Applicants' subject invention is practiced with tools such as shown in FIG. 1 and which will now be described. It should also be appreciated that the method of the invention is intended to be practiced on optical ribbon fiber of the type consisting of typically from 2-18 optical fibers which are bonded together in the form of a flat, linear matrix. The optical fibers are most suitably bonded together with an encapsulant matrix comprising a UV cured acrylate material.
As seen in FIG. 1, the tools required to practice the inventive method include a single or double sided rolled or pre-cut packaging tape 10, a thin, semi-flexible plastic card 12, and a cyanoacrylate based adhesive glue 14. Adhesive tape 10 most suitably is a single side or double side packaging tape such as carpet tape manufactured by 3M Corporation. A suitable adhesive glue is KRAZY GLUEŽ brand glue distributed by Borden, Inc. Plastic card 12 should be formed from a material having a similar glue absorption rate as the UV cured acrylate encapsulant matrix of optical ribbon fiber since proper adhesion would not be achieved if either the optical ribbon fiber or the plastic card were to absorb glue 14 at a faster rate than the other. Thus, plastic card 12 most suitably is relatively thin to prevent sharp bends of optical ribbon fiber to be positioned thereon, and is formed from cellulose acetate, LEXANŽ or other plastic materials compatible with glue 14. Glue 14 is most suitably a cyanoacrylate based adhesive which possesses quick drying and easy application characteristics and which is evenly absorbed into both the optical ribbon fiber and card
The method of the invention described below has been determined to require about 1 to 2 minutes to practice, and although the detailed description primarily addresses removing encapsulant matrix from a midspan portion of optical ribbon fiber, the process is also intended for use to access individual fibers of optical ribbon fiber by end entry as well as midspan entry. In other words, the procedure of the invention can be practiced for either midspan or end entry of optical ribbon fiber although the detailed description of the invention provided herein is directed primarily to the midspan entry application of the invention.
Referring now to FIG. 2, a length of single side adhesive packaging tape 10 has been attached at one end to plastic card 12 with the adhesive side of tape 10 facing upwardly. Tape 10 and attached plastic card 12 have been secured to a suitable support surface SS (such as a rigid portable plastic base plate or a stationary table top or the like) and taped at each end to support surface SS with additional pieces of tape T1 and T2. If a double side adhesive tape 10 is utilized, applicants contemplate that one side of strip of tape 10 would be adhered to support surface SS and the protective paper coating then peeled from the other side so as to allow securement of plastic card 12 to one end thereof.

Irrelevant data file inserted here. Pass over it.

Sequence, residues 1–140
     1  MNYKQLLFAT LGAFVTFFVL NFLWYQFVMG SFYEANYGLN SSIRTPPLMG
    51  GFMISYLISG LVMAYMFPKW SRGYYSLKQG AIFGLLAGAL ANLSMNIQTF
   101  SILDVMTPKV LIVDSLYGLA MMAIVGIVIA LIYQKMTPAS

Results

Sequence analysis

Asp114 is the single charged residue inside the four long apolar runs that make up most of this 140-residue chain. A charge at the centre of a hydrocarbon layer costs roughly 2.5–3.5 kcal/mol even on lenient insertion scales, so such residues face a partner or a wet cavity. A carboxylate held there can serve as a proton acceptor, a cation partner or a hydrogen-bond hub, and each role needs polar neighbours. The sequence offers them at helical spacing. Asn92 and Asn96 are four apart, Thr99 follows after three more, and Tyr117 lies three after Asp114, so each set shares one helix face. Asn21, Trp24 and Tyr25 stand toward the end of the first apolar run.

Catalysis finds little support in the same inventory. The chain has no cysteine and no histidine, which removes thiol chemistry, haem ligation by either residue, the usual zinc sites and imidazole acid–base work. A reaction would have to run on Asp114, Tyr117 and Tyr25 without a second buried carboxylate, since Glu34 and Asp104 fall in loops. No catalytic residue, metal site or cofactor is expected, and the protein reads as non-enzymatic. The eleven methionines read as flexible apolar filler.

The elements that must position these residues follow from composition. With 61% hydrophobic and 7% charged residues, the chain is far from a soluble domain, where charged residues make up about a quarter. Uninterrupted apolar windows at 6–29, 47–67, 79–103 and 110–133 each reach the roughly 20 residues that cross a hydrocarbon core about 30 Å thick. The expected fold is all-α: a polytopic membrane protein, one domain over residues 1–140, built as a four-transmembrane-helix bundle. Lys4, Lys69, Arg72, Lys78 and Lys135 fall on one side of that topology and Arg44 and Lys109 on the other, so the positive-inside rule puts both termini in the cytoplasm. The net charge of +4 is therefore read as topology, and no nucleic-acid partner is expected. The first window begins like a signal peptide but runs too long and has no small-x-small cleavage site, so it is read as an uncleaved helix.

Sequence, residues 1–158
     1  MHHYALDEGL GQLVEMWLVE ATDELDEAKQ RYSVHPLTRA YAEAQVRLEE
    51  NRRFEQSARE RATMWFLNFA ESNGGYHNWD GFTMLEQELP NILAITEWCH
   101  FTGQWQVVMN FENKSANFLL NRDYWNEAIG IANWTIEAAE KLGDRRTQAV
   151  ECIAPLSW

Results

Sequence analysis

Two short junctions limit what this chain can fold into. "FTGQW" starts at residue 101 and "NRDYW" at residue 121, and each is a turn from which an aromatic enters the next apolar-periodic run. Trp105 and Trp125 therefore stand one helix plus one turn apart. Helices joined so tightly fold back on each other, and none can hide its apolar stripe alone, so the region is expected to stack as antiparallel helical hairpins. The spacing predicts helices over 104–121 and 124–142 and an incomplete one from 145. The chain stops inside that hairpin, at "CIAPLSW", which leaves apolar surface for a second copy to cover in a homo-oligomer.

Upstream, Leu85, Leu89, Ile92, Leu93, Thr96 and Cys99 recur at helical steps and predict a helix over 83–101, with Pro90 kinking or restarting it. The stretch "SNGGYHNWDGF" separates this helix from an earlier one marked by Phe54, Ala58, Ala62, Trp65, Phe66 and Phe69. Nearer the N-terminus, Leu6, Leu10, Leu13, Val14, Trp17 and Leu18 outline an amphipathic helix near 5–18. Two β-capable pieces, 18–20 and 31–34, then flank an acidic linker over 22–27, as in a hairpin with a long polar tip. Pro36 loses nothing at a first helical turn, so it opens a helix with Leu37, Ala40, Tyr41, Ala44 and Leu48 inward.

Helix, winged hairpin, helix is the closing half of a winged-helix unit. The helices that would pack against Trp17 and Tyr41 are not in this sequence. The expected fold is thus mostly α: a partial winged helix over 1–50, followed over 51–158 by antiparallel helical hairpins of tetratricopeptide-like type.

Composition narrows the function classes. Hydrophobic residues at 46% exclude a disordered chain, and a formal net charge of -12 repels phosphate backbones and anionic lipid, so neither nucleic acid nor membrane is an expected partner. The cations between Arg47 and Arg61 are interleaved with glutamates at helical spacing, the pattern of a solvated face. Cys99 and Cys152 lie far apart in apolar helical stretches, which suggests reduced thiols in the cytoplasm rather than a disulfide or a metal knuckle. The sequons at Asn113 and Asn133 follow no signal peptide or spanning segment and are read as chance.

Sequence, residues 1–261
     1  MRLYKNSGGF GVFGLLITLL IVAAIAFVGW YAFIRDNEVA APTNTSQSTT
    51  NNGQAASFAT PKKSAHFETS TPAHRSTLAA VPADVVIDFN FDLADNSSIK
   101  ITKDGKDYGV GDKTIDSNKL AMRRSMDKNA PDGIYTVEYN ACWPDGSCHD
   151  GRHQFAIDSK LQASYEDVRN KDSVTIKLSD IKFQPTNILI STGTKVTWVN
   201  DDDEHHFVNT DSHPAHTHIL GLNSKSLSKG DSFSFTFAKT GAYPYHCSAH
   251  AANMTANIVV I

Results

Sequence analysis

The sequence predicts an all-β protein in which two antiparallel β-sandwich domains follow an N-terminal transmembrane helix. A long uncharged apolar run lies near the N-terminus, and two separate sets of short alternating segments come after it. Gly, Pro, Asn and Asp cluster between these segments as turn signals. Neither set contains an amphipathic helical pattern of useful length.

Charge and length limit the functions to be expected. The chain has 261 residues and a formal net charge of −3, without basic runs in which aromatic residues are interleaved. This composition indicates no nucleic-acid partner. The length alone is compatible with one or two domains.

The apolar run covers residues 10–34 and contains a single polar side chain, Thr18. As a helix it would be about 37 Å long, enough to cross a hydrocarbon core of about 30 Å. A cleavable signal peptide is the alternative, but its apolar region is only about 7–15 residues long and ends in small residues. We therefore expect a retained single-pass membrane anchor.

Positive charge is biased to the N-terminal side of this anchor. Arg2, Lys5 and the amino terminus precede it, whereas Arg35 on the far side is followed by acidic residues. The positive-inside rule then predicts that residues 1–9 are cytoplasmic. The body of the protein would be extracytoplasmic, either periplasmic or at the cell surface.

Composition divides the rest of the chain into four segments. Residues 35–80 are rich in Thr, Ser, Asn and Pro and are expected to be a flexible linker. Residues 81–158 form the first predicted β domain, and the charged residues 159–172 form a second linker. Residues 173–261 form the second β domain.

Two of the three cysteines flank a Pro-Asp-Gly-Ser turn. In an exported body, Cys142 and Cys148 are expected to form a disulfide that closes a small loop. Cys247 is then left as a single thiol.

As best shown in FIGS. 3-5, a midspan portion of optical ribbon fiber F which is to be accessed is placed down along the length of strip of tape 10 and across the face of plastic card 12 (see FIG. 3). A finger is then run down the length of optical ribbon fiber F to ensure adhesion thereof to strip of tape 10. Next, as best seen in FIG. 4, the end of optical ribbon fiber F overlaying plastic card 12 is lifted and a medium size drop G of cyanoacrylate based adhesive glue 14 is placed on the edge of plastic card 12 adjacent strip of adhesive tape Glue drop G is most suitably about 1/8 inch in diameter. After glue drop G has been applied to the surface of plastic card 12, optical ribbon fiber F is then laid back across plastic card 12 so that glue drop G is positioned between optical ribbon fiber F and plastic card 12. Most suitably, a finger is once again run along the length of optical ribbon fiber F overlaying plastic card 12 (see FIG. 5) to properly spread out the glue, and the glue is allowed to dry (most suitably for at least 15 seconds). Thus, optical ribbon fiber F is now adhered to the adhesive surface of strip of tape 10 as well as strongly bonded to a portion of plastic card
Referring now to FIGS. 6 and 7, applicants contemplate that the delamination of the optical fibers from the encapsulant matrix of optical ribbon fiber F is initiated by carefully lifting the end of fiber F overlaying plastic card 12 and applying tension thereto until the encapsulant matrix F1 delaminates from the optical fibers F2 of optical ribbon fiber F at the point where fiber F is bonded to plastic card 12 (see FIG. 6). Once the delamination of optical fibers F2 from encapsulant matrix F1 has been initiated at the glue bonded spot on plastic card 12, the delamination is propagated (see FIG. 7) by slowly continuing to lift optical ribbon fiber F away from strip of tape 10 along the length thereof so as to leave encapsulant matrix F1 adhered to plastic card 12 and strip of tape 10 and thereby free uplifted optical fibers F2. Applicants have discovered that for accessing optical ribbon fiber F it is preferably (but not necessary) to maintain a shallow pull angle of 30° or less during the delamination portion of the method of the invention. Also, a pen or pencil (not shown) or other similar object may be positioned under optical ribbon fiber F to facilitate breaking of the glue bond to reduce any significant attenuation increase when dealing with a live optical ribbon fiber F.
FIGS. 1-7 have shown a preferred embodiment of applicants' invention wherein it is possible to remove both sides of the encapsulant matrix from optical ribbon fiber F with one delamination action. However, in an alternative embodiment shown in FIGS. 8A-8D, it is contemplated that the optical ribbon fiber F will first have the delamination procedure described in FIGS. 1-7 performed on one side thereof and then optical ribbon fiber F will be flipped over and the delamination procedure repeated on the other side thereof (see FIGS. 8C and 8D) to remove the encapsulant matrix from the other side of optical ribbon fiber F. Whether the method of the present invention is performed on one side or both sides of an optical ribbon fiber is a function of the size and construction of optical ribbon fiber F to which access is desired. However, the novel method of the invention is contemplated to encompass both one side and two side midspan entry of optical ribbon fiber F.